|dc.description.abstract||Research has shown that people who participate in regular physical activity (PA) can experience improved wellbeing and quality of life, including better physical health, cognitive function, positive affect, and self-esteem (Fox, 1999). Such benefits support the application of PA as a strategy to improve the general population’s mental health and those recovering from mental illness. However, the contemporary understanding of PA and the recovery from mental illness is almost exclusively underpinned by the principles of clinical recovery (e.g. symptom remission), which can overlook the patient’s values. Conversely, personal recovery may reconnect people with their inner resources, personal strengths, and offer opportunities for people to reconstruct hope, meaning, responsibility and a positive identity as part of recovery (Slade, 2009). These values also mark a shift in the UK Government’s (2011a) mental health strategy, toward integrating personal recovery as part of people’s mental health care. Yet, few studies have examined the role of PA within the context of personal recovery, including the impact of PA on the wider elements of personal recovery.
Accordingly, this thesis sets out to examine the role of PA during the personal recovery from mental illness, as a case study at a voluntary sector mental health organisation. The research methodology was guided by social constructivism, and data was collected between October 2010 and June 2014 using participant-observations, semi-structured interviews, focus groups and photo elicitation methods. Seven members of staff and twenty-two attendee’s volunteered to participate in the research study, and their accounts were analysed thematically (Braun & Clarke, 2006) using NVivo to manage and aid the data analysis. Additionally, effort was made to satisfy the authenticity criteria throughout the research to maintain constructivist rigour (Lincoln & Guba, 2013).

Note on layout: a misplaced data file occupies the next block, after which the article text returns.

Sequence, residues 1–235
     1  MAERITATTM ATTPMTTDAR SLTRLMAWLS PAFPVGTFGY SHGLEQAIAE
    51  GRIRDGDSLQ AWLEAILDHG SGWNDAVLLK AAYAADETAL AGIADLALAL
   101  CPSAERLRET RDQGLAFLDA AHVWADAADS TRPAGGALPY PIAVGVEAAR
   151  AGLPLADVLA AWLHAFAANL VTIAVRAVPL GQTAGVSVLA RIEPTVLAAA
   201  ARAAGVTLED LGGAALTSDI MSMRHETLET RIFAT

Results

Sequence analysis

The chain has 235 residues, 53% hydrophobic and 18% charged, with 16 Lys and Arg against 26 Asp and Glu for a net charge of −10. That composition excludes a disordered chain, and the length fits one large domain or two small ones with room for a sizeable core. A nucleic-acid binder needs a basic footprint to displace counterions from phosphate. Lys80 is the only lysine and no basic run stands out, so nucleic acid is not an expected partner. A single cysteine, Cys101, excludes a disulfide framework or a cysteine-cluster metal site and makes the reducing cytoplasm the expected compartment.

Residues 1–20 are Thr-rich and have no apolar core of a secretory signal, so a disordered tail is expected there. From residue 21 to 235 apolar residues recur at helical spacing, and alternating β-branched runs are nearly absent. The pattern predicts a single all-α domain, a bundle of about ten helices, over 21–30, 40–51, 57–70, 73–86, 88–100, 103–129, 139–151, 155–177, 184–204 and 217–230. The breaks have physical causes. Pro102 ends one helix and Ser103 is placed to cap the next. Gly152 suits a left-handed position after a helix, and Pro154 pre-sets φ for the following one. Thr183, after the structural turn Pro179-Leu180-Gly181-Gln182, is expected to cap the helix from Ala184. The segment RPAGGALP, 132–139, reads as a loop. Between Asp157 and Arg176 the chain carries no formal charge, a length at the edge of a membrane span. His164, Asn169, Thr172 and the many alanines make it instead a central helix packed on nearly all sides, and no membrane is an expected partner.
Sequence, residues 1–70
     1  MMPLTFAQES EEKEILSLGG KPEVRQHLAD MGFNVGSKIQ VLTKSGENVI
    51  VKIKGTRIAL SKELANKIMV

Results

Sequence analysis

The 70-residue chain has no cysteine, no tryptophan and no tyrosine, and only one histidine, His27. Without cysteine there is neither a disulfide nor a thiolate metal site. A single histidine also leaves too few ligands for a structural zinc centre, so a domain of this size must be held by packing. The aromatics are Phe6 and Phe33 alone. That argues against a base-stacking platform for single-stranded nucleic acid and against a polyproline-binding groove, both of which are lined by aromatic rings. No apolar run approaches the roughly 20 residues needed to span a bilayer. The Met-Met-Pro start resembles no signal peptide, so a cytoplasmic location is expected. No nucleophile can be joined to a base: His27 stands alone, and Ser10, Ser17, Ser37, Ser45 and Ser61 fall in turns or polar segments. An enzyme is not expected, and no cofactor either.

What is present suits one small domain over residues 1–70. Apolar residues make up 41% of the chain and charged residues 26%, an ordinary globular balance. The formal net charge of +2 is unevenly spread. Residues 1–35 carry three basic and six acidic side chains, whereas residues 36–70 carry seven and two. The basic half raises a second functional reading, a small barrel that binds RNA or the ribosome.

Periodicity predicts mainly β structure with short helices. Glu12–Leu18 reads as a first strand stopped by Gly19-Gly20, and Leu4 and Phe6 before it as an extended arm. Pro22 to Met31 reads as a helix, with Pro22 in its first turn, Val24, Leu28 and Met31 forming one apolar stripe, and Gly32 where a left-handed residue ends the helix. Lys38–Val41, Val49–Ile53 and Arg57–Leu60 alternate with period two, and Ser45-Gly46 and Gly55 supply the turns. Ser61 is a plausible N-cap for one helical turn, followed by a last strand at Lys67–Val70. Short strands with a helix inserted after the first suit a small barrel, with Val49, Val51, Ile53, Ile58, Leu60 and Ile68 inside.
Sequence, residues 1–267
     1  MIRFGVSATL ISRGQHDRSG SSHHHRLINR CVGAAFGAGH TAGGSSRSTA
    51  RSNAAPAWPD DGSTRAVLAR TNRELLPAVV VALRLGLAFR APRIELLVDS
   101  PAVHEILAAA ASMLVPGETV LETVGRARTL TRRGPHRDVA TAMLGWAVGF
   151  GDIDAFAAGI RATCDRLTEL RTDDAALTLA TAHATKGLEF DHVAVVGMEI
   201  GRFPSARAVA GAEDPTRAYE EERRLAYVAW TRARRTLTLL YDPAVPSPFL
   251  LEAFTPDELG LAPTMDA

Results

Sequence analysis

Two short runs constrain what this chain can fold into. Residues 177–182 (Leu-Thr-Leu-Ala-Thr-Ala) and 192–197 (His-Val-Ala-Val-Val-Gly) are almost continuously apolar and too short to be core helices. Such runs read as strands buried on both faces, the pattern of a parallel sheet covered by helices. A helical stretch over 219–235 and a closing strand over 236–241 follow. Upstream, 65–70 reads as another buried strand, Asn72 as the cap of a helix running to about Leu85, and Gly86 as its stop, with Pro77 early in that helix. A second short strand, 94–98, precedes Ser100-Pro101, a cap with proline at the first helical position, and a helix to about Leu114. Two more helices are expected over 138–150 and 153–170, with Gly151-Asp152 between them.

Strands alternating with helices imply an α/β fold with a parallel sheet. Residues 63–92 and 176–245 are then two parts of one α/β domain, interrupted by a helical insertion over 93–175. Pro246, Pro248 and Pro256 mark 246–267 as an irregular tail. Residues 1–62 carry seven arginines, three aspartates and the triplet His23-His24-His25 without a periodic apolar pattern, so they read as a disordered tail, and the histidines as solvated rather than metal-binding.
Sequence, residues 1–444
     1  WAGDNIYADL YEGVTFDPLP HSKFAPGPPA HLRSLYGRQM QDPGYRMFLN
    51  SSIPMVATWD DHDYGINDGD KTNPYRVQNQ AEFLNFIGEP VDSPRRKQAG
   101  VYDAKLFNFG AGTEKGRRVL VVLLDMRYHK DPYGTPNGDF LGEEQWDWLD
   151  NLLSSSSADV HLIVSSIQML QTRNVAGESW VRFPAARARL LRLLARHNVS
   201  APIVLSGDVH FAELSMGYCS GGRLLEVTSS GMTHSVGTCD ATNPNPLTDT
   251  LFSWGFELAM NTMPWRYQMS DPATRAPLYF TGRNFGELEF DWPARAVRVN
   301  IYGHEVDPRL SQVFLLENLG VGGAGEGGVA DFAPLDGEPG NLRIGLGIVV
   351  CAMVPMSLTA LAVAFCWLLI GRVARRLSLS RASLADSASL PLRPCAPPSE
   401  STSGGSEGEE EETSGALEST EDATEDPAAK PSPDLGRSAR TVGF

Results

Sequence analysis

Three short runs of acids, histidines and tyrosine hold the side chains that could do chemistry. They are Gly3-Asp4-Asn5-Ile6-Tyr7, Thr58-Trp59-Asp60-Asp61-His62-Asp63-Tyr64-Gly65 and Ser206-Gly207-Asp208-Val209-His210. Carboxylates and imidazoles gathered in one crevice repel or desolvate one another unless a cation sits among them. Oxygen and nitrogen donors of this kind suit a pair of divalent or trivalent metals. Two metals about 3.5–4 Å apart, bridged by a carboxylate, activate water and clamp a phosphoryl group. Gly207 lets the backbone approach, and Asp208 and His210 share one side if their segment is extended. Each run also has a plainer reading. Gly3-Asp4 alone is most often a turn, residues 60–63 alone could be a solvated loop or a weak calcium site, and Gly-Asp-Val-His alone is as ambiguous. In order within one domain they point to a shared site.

The research findings identified six high-ordered themes that indicate a process of personal recovery through PA. These were (a) “Battles against the mind”, (b) ‘the centre as a place of refuge and support’, (c) “exercise is one part of the whole package”, (d) “the connection between body and mind”, (e) “my gateway onto other things”, and (f) “from small acorns to big oak trees”. These findings were congruent with the existing literature, and added that PA participation can support people’s meaningful engagement in their personal medicines and other life events (e.g. employment, being with family, and relationship with pets). The findings are discussed in relation to the delivery of PA in mental health services, the relationship of PA with meaningful activities during recovery, and the impact of PA on elements of hope, meaning, positive identity, and personal responsibility. The thesis concludes with a guiding standpoint on the application of PA for personal recovery as a personal medicine or as an adjunct activity. This standpoint can be used to inform the general population, mental health and exercise professionals, multiagency mental health service staff and attendees, commissioning bodies and policymakers.||en_US